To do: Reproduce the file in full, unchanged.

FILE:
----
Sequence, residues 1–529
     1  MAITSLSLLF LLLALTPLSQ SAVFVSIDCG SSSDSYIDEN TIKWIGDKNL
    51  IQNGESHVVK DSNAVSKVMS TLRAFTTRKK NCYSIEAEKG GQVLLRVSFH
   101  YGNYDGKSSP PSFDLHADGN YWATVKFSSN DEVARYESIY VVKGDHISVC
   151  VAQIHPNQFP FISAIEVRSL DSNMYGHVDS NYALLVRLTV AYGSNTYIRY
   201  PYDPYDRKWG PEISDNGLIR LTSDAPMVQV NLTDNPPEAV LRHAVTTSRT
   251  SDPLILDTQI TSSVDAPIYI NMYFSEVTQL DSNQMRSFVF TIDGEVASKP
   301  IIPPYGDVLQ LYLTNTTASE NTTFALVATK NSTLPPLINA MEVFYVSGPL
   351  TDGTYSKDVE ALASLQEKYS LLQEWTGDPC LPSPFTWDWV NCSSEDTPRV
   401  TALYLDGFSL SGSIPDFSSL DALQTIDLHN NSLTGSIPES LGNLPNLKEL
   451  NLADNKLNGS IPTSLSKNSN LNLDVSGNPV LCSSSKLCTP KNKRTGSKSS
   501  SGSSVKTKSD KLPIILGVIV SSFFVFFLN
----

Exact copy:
Sequence, residues 1–529
     1  MAITSLSLLF LLLALTPLSQ SAVFVSIDCG SSSDSYIDEN TIKWIGDKNL
    51  IQNGESHVVK DSNAVSKVMS TLRAFTTRKK NCYSIEAEKG GQVLLRVSFH
   101  YGNYDGKSSP PSFDLHADGN YWATVKFSSN DEVARYESIY VVKGDHISVC
   151  VAQIHPNQFP FISAIEVRSL DSNMYGHVDS NYALLVRLTV AYGSNTYIRY
   201  PYDPYDRKWG PEISDNGLIR LTSDAPMVQV NLTDNPPEAV LRHAVTTSRT
   251  SDPLILDTQI TSSVDAPIYI NMYFSEVTQL DSNQMRSFVF TIDGEVASKP
   301  IIPPYGDVLQ LYLTNTTASE NTTFALVATK NSTLPPLINA MEVFYVSGPL
   351  TDGTYSKDVE ALASLQEKYS LLQEWTGDPC LPSPFTWDWV NCSSEDTPRV
   401  TALYLDGFSL SGSIPDFSSL DALQTIDLHN NSLTGSIPES LGNLPNLKEL
   451  NLADNKLNGS IPTSLSKNSN LNLDVSGNPV LCSSSKLCTP KNKRTGSKSS
   501  SGSSVKTKSD KLPIILGVIV SSFFVFFLN